Screening and Prevention Options
With the exception of screening for breast cancer, there are no effective means to screen for and/or prevent the cancers that are associated with Li-Fraumeni syndrome. However, researchers have developed some screening guidelines for those with LFS. For men and women, it is recommended that they undergo a thorough physical exam with their doctor every year. This should include skin and colon cancer screening along with a complete exam of the nervous system. Women should also undergo breast cancer screening, which consists of annual mammograms, self-breast exams, and breast exams by a physician or health care provider. Individuals with Li-Fraumeni syndrome may choose to undergo screening more often and at an earlier age then people in the general population.
For children with a TP53 mutation, it is recommended that they also undergo a complete physical exam once a year by their physician. This should include an analysis of their urine and blood and an abdominal ultrasound.
Age of onset for cancers associated with Li-Fraumeni syndrome
Age of onsetType of cancer
InfancyDevelopment of adrenocortical carcinoma
Under five years of ageDevelopment of soft-tissue sarcomas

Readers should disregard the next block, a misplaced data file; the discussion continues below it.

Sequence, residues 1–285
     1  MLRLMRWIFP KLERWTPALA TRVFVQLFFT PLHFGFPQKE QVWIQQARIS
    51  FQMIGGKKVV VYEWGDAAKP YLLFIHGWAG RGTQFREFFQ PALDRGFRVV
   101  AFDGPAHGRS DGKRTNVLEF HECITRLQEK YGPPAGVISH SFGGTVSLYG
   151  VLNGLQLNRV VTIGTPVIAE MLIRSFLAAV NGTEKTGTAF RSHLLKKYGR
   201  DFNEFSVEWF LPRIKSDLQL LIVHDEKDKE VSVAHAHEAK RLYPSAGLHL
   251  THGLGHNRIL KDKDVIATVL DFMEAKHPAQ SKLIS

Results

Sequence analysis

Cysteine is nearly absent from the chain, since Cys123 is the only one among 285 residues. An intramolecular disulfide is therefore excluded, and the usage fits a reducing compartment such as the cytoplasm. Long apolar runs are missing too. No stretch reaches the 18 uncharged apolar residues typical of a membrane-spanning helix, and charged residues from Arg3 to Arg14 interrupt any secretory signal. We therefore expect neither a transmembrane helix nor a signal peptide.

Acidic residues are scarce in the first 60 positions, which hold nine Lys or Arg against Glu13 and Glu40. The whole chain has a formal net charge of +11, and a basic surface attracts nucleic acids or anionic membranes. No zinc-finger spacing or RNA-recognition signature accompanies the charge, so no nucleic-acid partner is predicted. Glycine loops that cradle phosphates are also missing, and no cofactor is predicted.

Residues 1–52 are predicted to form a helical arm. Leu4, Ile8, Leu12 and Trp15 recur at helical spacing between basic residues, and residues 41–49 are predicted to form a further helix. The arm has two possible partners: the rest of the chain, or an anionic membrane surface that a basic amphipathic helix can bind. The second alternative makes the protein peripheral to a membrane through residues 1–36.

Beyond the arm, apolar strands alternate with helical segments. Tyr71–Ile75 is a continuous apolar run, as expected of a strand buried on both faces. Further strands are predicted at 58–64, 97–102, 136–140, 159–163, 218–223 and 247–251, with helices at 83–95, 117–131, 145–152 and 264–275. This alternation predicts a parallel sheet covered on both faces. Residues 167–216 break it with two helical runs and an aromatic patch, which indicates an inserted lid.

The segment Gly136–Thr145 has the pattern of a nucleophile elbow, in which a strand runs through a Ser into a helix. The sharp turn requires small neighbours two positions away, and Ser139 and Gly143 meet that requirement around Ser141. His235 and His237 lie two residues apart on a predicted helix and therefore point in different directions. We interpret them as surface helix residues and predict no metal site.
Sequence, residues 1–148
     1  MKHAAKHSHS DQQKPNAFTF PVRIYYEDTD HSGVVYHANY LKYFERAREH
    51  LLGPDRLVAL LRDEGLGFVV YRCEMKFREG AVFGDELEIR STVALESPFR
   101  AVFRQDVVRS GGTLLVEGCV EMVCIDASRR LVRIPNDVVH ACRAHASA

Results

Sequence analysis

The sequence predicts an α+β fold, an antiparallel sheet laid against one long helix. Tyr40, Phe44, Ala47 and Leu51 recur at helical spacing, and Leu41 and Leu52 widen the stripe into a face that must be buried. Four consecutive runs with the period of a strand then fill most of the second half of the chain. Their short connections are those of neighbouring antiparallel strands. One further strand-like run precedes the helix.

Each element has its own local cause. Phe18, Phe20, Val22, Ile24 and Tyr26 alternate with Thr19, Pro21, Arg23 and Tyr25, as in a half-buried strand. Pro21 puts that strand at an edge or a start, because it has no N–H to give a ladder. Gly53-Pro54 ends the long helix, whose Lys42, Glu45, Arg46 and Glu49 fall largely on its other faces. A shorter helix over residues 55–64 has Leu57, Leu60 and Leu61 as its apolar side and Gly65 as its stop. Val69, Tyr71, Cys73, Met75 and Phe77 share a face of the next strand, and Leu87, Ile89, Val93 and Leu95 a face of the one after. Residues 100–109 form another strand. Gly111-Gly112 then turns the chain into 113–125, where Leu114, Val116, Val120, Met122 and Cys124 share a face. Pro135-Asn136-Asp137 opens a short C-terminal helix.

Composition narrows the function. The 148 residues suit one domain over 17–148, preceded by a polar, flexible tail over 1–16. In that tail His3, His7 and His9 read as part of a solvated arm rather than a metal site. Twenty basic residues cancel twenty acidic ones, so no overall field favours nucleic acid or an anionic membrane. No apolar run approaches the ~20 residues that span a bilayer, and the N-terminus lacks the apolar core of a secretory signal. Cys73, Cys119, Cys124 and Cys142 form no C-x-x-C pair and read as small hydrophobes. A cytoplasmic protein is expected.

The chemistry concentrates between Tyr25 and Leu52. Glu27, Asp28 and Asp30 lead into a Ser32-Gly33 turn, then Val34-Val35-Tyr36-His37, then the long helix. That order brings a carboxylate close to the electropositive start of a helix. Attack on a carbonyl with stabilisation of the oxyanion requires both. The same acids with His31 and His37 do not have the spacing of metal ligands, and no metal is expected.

Childhood and young adulthoodAcute leukemias and brain tumors
Twenties to thirtiesPremenopausal breast cancer is common
- Adrenalcorticoid tumors
- Cancer that arises on the outer surface of the adrenal glands.
- Adrenal glands
- Structures located on top of the kidneys that secrete hormones.
- The process by which cells grow out of control and subsequently invade nearby cells and tissue.
- Cancer susceptibility gene
- The type of genes involved in cancer. If a mutation is identified in this type of gene it does not reveal whether or not a person has cancer, but rather whether an individual has an increased risk (is susceptible) to develop cancer (or develop cancer again) in the future.
- Structures found in the center of a human cell on which genes are located.
- Packages of DNA that control the growth, development and normal function of the body.
- Genetic counselor
- A specially trained health care provider who helps individuals understand if a disease (such as cancer) is running in their family and their risk for inheriting this disease. Genetic counselors also discuss the benefits, risks and limitations of genetic testing with patients.